Posts Subscribe to Heritage of Wales News Blog Posts      All Comments Subscribe to Heritage of Wales News Blog Posts     Cymraeg

Monday, 9 June 2014

The Borth and Ynyslas Coastal Heritage Project meets Aberdyfi WI, YAC and Borth Scouts!

Photograph of the crew of the HMS Camroux moored at Aberdyfi wharf during the Second World War. This image was donated by Len Dennett (Cook on the HMS Camroux). Known crew members are: George Barnes, Captain; William Howell Selby Davies, Chief engineer, Reg Jenkins.

We have had a busy couple of weeks with the Borth and Ynyslas project, starting off on Wednesday 30 April with a talk to the Aberdyfi WI. During the Second World War, Aberdyfi wharf housed the HMS Camroux, a military coaster, used as a naval aid for the rocket range and military camp. The ship had an important role in many of the estuary rocket firing tests, from testing innovative landing rockets to collecting and positioning used shells. The introduction of the Camroux to the range made a significant impact on the lives of the local community, with stories of broken windows, hearty breakfasts from the local Bwlch farm, charity events and gifts of toys for the local children.  It seemed perfect therefore, to talk with this small community to further our shared understanding of their area.

RAF reconnaisance photograph of the Ynyslas Rocket Range from 1946.

The Aberdyfi WI were keen to find out about our project and happy to help, providing vital information from their own, and their relatives’ memories of area, the ship and the range at that time. Many of the occupants of Aberdyfi still retain vivid memories and personal connections to those who served on the range during WW2, their knowledge provides a great resource to add to our understanding of Ynyslas.
Borth Beavers and Cubs taking part in the Ynyslas activities.
Running for the rocket! Borth Beavers and Cubs chasing after a water─propelled rocket.
On Friday 2 May we were able to engage with a much younger audience. I took the Beavers and Cubs to the Ynyslas dunes so that they could understand the archaeology and history of the rocket range.  Enthusiastically asking and answering questions, the Beavers and Cubs were really interested in the site, keen to understand the exciting operations performed at Ynyslas, and join in with the games we prepared. We finished the activities, of course, by firing a large water-propelled rocket and exploring  the dunes.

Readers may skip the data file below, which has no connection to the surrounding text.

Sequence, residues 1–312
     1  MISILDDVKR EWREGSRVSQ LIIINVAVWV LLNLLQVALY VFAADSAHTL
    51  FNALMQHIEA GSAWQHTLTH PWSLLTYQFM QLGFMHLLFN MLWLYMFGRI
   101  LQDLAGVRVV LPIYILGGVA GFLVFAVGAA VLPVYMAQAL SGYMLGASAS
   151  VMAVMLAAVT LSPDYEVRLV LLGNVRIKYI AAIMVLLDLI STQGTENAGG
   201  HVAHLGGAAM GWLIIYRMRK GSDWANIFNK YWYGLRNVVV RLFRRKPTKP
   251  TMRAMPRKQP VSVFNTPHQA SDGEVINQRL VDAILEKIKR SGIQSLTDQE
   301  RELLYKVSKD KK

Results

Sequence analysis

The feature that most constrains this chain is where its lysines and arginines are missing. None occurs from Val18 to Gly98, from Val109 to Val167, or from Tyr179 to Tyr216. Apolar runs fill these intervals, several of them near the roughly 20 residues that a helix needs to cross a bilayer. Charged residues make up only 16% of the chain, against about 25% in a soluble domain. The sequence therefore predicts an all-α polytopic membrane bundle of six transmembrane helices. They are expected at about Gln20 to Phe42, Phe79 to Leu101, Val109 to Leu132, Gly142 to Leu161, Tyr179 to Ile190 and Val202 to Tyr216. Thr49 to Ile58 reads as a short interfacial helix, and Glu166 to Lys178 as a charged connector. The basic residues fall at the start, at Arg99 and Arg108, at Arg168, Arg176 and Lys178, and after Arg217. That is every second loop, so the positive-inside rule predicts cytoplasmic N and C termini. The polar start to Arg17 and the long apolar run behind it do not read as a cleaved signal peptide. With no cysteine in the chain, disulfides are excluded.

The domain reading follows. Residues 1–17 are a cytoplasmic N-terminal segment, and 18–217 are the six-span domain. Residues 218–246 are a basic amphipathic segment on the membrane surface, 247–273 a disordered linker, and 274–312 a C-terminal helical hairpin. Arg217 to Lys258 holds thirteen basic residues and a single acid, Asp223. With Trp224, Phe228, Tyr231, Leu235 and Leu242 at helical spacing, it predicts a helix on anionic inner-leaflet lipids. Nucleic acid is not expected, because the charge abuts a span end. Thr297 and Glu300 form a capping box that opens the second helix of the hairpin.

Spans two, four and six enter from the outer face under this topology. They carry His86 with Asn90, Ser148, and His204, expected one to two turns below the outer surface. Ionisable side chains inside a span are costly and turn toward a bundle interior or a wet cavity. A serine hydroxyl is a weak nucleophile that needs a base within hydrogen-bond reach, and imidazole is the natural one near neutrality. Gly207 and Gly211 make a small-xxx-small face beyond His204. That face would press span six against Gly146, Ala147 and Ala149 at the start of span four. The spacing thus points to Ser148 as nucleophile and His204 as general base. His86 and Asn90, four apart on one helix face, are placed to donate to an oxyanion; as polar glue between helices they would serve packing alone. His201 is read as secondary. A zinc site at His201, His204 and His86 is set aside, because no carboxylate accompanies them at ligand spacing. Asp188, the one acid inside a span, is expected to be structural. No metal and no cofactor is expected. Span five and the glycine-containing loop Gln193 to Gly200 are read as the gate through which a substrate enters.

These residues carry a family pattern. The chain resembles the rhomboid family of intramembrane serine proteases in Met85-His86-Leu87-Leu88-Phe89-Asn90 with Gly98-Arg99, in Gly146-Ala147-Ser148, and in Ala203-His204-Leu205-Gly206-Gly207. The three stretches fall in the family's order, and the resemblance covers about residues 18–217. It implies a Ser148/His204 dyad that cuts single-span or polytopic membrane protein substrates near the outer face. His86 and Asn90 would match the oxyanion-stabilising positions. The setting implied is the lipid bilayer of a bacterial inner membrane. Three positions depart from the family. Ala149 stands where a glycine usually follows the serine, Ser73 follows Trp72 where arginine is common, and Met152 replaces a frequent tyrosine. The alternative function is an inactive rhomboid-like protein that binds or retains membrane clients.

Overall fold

The remains  of a camera oberservation post, originally used for measuring and recording rockets fired from the range into the Dyfi estuary.

To learn how to better engage with younger audiences of a variety of ages, I participated in a two-day training course with Ynyslas Dune Education Team from Natural Resources Wales, learning different methods of communicating and capturing the interests of school groups. Really important activities, such as role playing activities from the pupils’ perspective and a simulation of difficult dune health and safety scenarios , really helped to hone personal teaching styles and methods

Finally, on Saturday 10 May, despite the howling wind and rain, we were undeterred and conducted Ynyslas activities this time from the comfort and shelter of Ceredigion Museum!  YAC (Young Archaeologist Club) members were guided, with the aid of Kimberly Briscoe and using PowerPoint and activities, through the remains of the rocket range establishment, understanding the roles of the servicemen and women on the camp and the operations they conducted. In the 1940s, Ynyslas was chosen as an ideal location to develop and test innovative types of rocket fuel, its remote location provided a perfect arena for rocket experimentation with liquid fuels.

Young archaeologists exploring the aerial photographs of the Ynyslas Rocket Range.
This innovative site, still visible from aerial photographs, has a great story to tell by using archaeological remains and through archive materials and local oral histories. By the end of the session the YAC children were visibly identifying intricate changes to the landscape, recalling some of the main characters and their roles within the range, and putting into context the contribution of the range towards the war effort in the Second World War.

Young Archaeologists making their own bicarbonate of soda and vinegar minature rockets!

Finally, on the theme of testing  new types of fuel, the YAC experimented with their very own white vinegar and bicarbonate of soda fuelled miniature rockets!

Subscribe to the Heritage of Wales News and sign up for the full feed RSS, just click this Subscribe to Heritage of Wales News Blog Posts RSS button and subscribe!

Also find us on: Facebook Twitter Flickr
Twitter Hashtag: #RCAHMWales

Share this post:


Post a Comment
Please comment and let us know your views or your news. Remember that what you write can be read by everyone. RCAHMW reserves the right not to publish offensive or inaccurate material.


Related Posts with Thumbnails